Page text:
Local dividends A dividends tax of 20% is required to be withheld in respect of dividends received from South African resident companies and cash dividends from dual-listed companies. South African residents will receive the dividend less dividends tax of 20%. As the dividend was subject to dividends tax, it will be exempt from normal income tax.

Dividends tax is categorised as a withholding tax because the tax is withheld from the dividend (income) distribution and paid directly to SARS by the company paying the dividend and/or the withholding agent, such as STANLIB.

Dual-listed companies

Dividends declared by foreign companies listed on the JSE are subject to dividends tax in SA. Foreign withholding tax may also apply to the dividend declarations. Richemont, British American Tobacco and Anheuser-Busch would be examples of such companies.

Example 1 Richemont, a company listed on the SIX Swiss Exchange and the JSE, pays a dividend of R100 to a South African shareholder named Natina. The R100 is subject to Swiss dividends tax at a rate of 35%. This rate is reduced to 15% in terms of the Double Taxation Agreement concluded between SA and Switzerland, whereby 35% is withheld and 20% can be claimed back. Richemont generally provide investors with assistance in this regard. Therefore, Natina only receives R65. In SA, Natina’s dividend attracts dividends tax at a rate of 20% on the R100. However, as she already suffered an effective 15% Swiss dividend withholding tax, an additional 5% SA dividends tax will be withheld.

In total Natina will receive a cash dividend of R80 (R65 after Swiss withholding tax + claim of R20 for overpayment of Swiss withholding tax – R5 paid to SARS) The dual-listed dividend is thus generally subject to tax at the highest effective tax rate between the relevant treaty countries, since a tax credit can be claimed (i.e. no double tax applies). It should be noted that, contrary to Switzerland, many countries only withhold at the reduced treaty rate, subject to receiving the relevant dividend declaration forms.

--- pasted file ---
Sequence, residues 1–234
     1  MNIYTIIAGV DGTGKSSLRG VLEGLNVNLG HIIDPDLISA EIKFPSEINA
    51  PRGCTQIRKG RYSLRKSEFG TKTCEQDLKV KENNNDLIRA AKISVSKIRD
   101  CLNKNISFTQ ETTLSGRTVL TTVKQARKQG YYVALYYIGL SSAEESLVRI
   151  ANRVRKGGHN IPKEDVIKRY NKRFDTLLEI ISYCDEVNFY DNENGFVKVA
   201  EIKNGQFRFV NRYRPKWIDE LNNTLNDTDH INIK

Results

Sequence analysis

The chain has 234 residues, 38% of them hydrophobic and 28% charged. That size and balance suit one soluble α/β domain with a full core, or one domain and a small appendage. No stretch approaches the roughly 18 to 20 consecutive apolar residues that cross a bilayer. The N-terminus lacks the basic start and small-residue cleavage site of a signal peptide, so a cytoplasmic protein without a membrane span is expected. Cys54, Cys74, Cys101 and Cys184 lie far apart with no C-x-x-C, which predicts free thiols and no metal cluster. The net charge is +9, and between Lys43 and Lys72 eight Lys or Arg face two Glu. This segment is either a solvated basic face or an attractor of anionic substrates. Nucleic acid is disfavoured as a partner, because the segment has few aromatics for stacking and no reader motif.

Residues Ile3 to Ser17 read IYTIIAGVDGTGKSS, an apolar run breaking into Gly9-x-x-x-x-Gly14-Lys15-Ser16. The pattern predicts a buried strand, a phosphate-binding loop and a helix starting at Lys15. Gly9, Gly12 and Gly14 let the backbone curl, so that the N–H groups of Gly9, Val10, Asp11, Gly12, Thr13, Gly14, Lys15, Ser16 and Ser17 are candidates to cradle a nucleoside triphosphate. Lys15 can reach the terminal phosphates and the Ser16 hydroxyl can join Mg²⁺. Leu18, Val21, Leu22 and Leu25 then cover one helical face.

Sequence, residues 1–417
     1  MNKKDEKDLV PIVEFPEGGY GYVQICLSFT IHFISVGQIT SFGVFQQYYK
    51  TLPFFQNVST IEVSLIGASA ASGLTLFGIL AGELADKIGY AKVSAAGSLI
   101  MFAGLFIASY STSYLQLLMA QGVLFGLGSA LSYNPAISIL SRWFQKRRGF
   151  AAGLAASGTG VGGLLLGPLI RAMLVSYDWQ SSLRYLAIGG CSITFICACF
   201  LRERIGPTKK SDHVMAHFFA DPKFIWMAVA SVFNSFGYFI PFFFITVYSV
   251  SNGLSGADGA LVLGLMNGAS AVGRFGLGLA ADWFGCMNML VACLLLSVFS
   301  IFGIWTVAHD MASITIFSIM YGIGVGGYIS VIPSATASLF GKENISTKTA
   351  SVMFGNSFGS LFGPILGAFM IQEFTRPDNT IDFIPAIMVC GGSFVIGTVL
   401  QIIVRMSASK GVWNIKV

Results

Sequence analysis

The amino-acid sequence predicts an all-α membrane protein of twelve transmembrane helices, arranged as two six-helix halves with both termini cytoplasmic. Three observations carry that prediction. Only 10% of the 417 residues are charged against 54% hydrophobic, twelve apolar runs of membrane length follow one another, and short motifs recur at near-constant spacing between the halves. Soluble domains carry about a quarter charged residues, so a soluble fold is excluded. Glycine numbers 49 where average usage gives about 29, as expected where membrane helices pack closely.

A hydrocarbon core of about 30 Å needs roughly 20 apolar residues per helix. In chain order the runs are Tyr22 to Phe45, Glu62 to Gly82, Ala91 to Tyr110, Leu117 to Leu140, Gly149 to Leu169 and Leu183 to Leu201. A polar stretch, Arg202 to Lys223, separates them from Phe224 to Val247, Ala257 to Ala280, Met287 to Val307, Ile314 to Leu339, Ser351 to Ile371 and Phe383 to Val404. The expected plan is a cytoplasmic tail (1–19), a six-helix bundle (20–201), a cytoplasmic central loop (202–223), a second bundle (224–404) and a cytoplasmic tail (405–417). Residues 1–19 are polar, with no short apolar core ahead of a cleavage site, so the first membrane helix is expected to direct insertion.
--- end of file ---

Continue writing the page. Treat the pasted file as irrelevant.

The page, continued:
Foreign dividends

There are two ways in which South Africans can invest offshore:

  • Via a rand-denominated investment such as a collective investment scheme (CIS); or
  • Directly in foreign currency making use of the foreign investment allowance, to invest in a foreign-denominated CIS and/or buying shares in a foreign company by way of an offshore stockbroker account

In both cases, the investments are in foreign companies that are not listed on the JSE – not dual-listed – and therefore, local dividends tax does not apply. Foreign dividends are, however, subject to normal income tax in the hands of the South African resident taxpayer, subject to certain exemptions or partial exemptions.

In order to align the effective tax rate applicable on local and foreign dividends, 56% (25/45) of the foreign dividends arising from a portfolio of shares accruing to a natural person, are treated as exempt. At the highest marginal rate of 45%, this will result in a maximum effective tax rate of 20%; and proportionally less at lower tax rates as illustrated in the table that follows.

A foreign withholding tax may also apply in respect of foreign dividends, which, if applicable, is withheld by the relevant foreign tax authority. Where applicable, a tax credit may be claimed in respect of the foreign tax suffered, limited to the amount of tax payable in SA, even though such dividend may only be taxed at an effective rate of 20%. For example, if a person received only one foreign dividend and no other foreign income during the tax year; and the foreign dividend withholding tax was 12% on the dividend payment, the South African tax on the dividend will be 8% (20% less 12% credit).

Example 2: Natina opened an account with an offshore stockbroker and bought Apple shares with her foreign investment allowance. Apple pays a dividend of R100 to Natina. Firstly, withholding tax of 15% is paid to the US tax authority – the rate is reduced from 30% to 15% in terms of the US/South Africa Double Taxation Agreement. Natina therefore receives R85 in her pocket. Apple is not listed on the JSE and Natina does not hold at least 10% of Apple’s shares. Natina pays tax at 45%.